# Inside a Schwarzschild black hole

Hello and welcome

Ever wondered what lies beyond the event horizon of a black hole? Current thinking asserts any one of numerous different outcomes, once you cross the horizon; time travel, wormholes, being crushed to a point, or instead, perhaps a fiery end in a wall of flame, making it very hard to know just what to believe. We offer a somewhat unremarkable answer; not nearly so exciting, but needing no undiscovered extensions to existing theory or StatTrekian beliefs, and as such, so much more believable.

This is a new vision of what lies beyond the event horizon of a black hole. New, and as we will show later, ultimately testable and demonstrated by the otherwise unexplained existence of supermassive black holes, and the substantial gap in the distribution of intermediate masses. This will never be entirely understood without an occasional smidgen of mathematics, but, if you have a basic college-level understanding, then there should be nothing overly daunting for you to follow. So take the plunge. Jump right in.

Introduction

To begin with, here are a couple of basic facts about Einstein's theory of general relativity for any visitors who are new to this field. There is no dispute about these facts so I hope you can just accept them for now:

Karl Schwarzschild (1873–1916)

1. The gravitational field around a non-rotating symmetrical body (such as a star, or a planet) is given by the Schwarzschild solution, originally developed by Karl Schwarzschild in 1916, just a year after Einstein announced his general theory of relativity:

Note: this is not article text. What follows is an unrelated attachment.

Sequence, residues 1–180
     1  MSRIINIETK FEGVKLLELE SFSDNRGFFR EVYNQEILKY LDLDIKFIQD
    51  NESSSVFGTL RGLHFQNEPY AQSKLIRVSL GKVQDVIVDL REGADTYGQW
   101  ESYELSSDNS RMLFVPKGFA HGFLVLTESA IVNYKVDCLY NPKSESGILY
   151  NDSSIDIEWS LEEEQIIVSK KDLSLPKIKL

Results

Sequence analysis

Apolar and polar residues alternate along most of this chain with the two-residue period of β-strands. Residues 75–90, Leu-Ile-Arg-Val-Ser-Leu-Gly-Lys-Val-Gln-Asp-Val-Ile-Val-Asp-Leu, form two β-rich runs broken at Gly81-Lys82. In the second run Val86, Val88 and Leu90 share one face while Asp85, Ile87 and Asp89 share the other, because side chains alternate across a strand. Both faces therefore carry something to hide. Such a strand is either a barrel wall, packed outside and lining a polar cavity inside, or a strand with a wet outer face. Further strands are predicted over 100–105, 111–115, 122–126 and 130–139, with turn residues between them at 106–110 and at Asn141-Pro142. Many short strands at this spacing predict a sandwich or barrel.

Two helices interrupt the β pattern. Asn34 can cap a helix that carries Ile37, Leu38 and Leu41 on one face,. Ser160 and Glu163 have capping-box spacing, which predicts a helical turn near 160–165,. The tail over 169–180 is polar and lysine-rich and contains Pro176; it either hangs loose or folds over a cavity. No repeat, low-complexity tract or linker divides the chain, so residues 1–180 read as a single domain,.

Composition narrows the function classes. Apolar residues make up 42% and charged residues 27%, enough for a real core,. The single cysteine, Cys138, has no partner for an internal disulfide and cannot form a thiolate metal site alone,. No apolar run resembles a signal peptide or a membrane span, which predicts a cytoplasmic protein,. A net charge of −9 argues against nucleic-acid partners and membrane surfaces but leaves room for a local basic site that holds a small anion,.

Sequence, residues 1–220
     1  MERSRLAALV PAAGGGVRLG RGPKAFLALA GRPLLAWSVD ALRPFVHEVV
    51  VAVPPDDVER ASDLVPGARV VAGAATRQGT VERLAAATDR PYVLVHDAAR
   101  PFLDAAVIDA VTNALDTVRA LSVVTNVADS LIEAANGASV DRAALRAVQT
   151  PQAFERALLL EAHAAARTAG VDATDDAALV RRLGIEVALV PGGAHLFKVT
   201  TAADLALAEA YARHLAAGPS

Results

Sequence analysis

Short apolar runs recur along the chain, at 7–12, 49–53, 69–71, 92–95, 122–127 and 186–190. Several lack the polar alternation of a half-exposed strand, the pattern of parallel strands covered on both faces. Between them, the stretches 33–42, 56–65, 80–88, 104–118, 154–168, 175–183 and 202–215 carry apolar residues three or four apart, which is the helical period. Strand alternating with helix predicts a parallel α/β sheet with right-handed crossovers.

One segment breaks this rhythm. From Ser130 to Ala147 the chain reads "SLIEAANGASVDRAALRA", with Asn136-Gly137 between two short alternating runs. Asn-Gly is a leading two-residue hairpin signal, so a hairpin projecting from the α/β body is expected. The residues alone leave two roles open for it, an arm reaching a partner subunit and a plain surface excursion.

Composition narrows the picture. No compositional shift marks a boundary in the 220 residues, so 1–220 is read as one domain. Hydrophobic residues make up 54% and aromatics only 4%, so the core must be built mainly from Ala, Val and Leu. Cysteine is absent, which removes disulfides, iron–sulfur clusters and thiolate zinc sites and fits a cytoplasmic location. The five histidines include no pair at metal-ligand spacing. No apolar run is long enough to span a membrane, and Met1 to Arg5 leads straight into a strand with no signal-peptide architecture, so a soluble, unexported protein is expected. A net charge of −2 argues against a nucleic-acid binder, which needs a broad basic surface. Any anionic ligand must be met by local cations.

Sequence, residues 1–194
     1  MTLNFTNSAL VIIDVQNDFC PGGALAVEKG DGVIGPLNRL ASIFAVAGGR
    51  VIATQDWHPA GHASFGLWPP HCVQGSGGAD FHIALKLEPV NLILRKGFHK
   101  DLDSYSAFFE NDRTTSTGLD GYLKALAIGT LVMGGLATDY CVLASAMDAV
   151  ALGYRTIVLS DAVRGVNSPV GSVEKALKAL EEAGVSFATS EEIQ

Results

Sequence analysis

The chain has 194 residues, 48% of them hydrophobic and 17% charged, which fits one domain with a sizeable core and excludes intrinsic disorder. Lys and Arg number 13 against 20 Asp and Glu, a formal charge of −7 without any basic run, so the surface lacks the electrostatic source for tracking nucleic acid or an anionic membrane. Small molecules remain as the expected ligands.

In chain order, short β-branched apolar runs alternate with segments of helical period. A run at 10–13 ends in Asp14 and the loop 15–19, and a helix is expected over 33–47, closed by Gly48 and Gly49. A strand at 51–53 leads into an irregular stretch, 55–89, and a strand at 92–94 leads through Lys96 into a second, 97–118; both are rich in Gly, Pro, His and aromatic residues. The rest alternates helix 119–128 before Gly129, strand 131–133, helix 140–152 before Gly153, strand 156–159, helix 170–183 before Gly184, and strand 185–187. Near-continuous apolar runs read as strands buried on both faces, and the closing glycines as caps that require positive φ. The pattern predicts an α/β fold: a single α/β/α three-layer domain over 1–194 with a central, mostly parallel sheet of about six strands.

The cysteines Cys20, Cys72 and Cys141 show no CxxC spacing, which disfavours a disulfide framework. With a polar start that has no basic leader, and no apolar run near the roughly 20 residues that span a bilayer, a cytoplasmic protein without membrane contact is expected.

$c^2d\tau ^2=\left(1-\frac {r_s}{r}\right)c^2dt^2 -\left(1-\frac {r_s}{r}\right)^{-1}dr^2-r^2\left(d\theta ^2+\sin ^2\theta \,d\varphi ^2\right) ,$ where $r_s =\frac{2GM}{c^2}$.
where the $$r$$ are reduced radii, $$G$$ is the gravitational constant, (the same constant used in the gravity equation of Newton) and $$c$$ is the speed of light.
The key fact to notice about this equation is the second term which seems to 'blow up' when $$r=r_s$$. This term is what gives rise to the event horizon at $$r_s$$, the Schwarzschild radius.
2. Birkhoff's theorem added that for any non-rotating spherically symmetric body, the exterior gravitational field in space must be static, with a metric given by a piece of the Schwarzschild metric. This sounds difficult but all this is saying is that there is only one solution, the Schwarzschild solution and that it is unchanging.

An immediate consequence of Birkhoff’s theorem is that the field inside a symmetric non-rotating spherically shell of matter must be flat, or Minkowski space (the only piece of the Schwarzschild metric possible in this circumstance as there is no enclosed mass).

Knowing just these two undisputed facts, we could, for instance, calculate the precise field at the bottom of a mine shaft -- just calculate the field due to the mass beneath our feet whilst ignoring all of the mass above our heads, and neglecting the effect of the relatively slow rotation of the earth. This much is standard stuff and fully confirmed by experiments, here on earth.

Now for a simple thought experiment

Keeping these same two undisputed facts in mind, consider a large ball of matter, collapsing due to the force of gravity, where the forces involved have already exceeded those needed to halt the collapse at the size of a neutron star. (Such as during the final stage of collapse after a sufficiently large star goes supernova at the end of it's active life.) For simplicity, let the ball be spherically symmetric and nonrotating. The collapsing ball of matter will soon form a black hole with an event horizon having a reduced radius, $$r_s$$, given by this simple equation $$r_s=\frac{2Gm}{c^2}$$ given above.